If, like me, you love winter, 2010 has been a vintage year in this soggy corner of Victoria. At Icy Creek, however, even I’ve been starting to hanker for some warmer weather. And a week into October we finally got some – that is, before an Antarctic blast blustered up from the valley below us last weekend.
Spring has been slower to settle in than in previous years, but the jostaberry bushes are finally in bloom. As the plants themselves are still growing (quite vigourously too in the last year) and still very unusual in Australia (I’ve never seen the fruit on sale in any market) this is, by default a rare sight, even if not a particularly spectacular one.
Meanwhile, the blackcurrant flowers (below) are, to use an inappropriate yet strangely apt metaphor, are proving to be one of nature’s red herrings. Weirder still when you factor in that these are one of the jostaberry’s parents. The other is the gooseberry.
Posted in Berries & Currants, black currants, Blackcurrant, Blackcurrants, Edible Gardening, Jostaberries, Jostaberry
Tagged black currant, Blackcurrant, Blackcurrants, Gooseberry, Jostaberries, Jostaberry
Blackcurrants harvested on New Year's Eve, 2008
Forget New Year’s resolutions. I can tell you with some certainty that 2009 is going to kick off much the same way that 2008 is coming to a close – with me extracting small and fiddly black currants from their billowing bushes. It’s been a bumper crop this summer, but with so much effort required to harvest these delicate morsels by hand (the berries you can see in the picture above were a whole morning’s work), I’m already seeking expressions of interest to “outsauce” next summer’s haul.
That said, I don’t think I’d go quite as far as the legendary Louis Glowinski, who begins his spray about them in his classic tome “The Complete Book of Fruit Growing in Australia” with a damning dismissal. “Black currants are not decorative, they’re not a delight to have around”, he writes. “Their taste when fresh is unpleasant, and their smell is worse.” And they’re “obviously not for fresh eating”.
Much as they’re hard work, I beg to differ. Our black currants taste just fine straight off the bush, and they’re certainly terrific in desserts or over pancakes. I do, however, see what Glowinski’s getting at when he points out that they don’t ripen evenly, which makes extracting them from their tiny trusses pretty tedious – I’m sure that most of the armoury of Vitamin C they contain is expended on removing them one by one, day after day, year out, year in. In this respect they’re a lot more fuss and bother than jostaberries, which were conjured up in the middle of the 20th century by crossing black currants with gooseberries.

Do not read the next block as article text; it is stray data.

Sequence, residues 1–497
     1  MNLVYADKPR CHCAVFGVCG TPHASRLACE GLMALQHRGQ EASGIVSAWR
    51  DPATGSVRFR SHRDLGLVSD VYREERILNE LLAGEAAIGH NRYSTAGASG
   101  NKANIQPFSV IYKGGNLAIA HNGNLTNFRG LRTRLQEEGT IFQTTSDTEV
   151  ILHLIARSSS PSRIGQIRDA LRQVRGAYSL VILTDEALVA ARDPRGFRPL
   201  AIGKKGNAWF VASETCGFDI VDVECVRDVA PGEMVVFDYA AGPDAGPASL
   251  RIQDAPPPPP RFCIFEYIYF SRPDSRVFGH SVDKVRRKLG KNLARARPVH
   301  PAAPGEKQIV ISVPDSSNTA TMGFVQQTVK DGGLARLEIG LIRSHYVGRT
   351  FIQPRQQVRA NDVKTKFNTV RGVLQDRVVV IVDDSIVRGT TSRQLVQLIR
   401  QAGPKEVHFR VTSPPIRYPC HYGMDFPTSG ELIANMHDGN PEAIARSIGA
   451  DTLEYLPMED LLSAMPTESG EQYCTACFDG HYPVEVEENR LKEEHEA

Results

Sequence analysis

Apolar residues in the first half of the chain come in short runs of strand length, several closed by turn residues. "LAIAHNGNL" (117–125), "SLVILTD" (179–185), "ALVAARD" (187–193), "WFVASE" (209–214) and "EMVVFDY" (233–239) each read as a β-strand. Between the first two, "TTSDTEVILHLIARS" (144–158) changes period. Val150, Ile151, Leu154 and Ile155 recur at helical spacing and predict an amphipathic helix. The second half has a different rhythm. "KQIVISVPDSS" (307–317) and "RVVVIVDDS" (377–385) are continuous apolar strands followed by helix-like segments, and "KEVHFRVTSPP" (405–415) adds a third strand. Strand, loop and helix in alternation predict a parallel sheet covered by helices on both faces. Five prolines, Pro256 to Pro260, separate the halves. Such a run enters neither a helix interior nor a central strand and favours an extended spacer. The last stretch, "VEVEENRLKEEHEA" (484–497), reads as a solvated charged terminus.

Still, at least I know that when the sun goes down this evening, there’ll be a glass of Kir waiting for me.
I’d better get back to them. Happy 2009.
Posted in Berries & Currants, black currants, Blackcurrant, Blackcurrants, Hobby Farming, Icy Creek, Jostaberries, Jostaberry, The Farm
Tagged black currant, Blackcurrant, Blackcurrants, Gooseberries, Kir
The jostaberry ice-cream fan club
With jostaberries at the their peak, we finally got to do some experiments in the kitchen with them last night and the icecream was voted a big success. While the berries themselves are black when ripe, the mix turns a psychedelic purple once the fruit is blended.
2 cups of jostaberries.
1 1/2 cups of cream
3/4 of a cup of sugar (go up to a cup if you like your icecream really sweet).
Combine jostaberries and sugar and heat until the sugar is dissolved and simmer for no more than five minutes. Blend the jostaberries but do not put them through a sieve. Cool, and then churn with the cream in an icecream churn.
We also made a sorbet out of this bowl of redcurrants and gooseberries.
These redcurrants and gooseberries share a common destiny
One cup gooseberry and/or redurrants
1/2 to 2/3 cup of sugar
Simmer to dissolve sugar and continue until gooseberries are just tender (no more than five minutes). Blend, and pass through a sieve. Churn and eat immediately, as this one won’t keep all that well.
Posted in Berries & Currants, Gooseberry, Hobby Farming, Icy Creek, Jostaberries, Jostaberry, Redcurrant, Redcurrants
Tagged Gooseberry, Icecream, Icy Creek, Jostaberries, Jostaberry, Recipe, Redcurrants, Sorbet
How may gooseberries can you spot?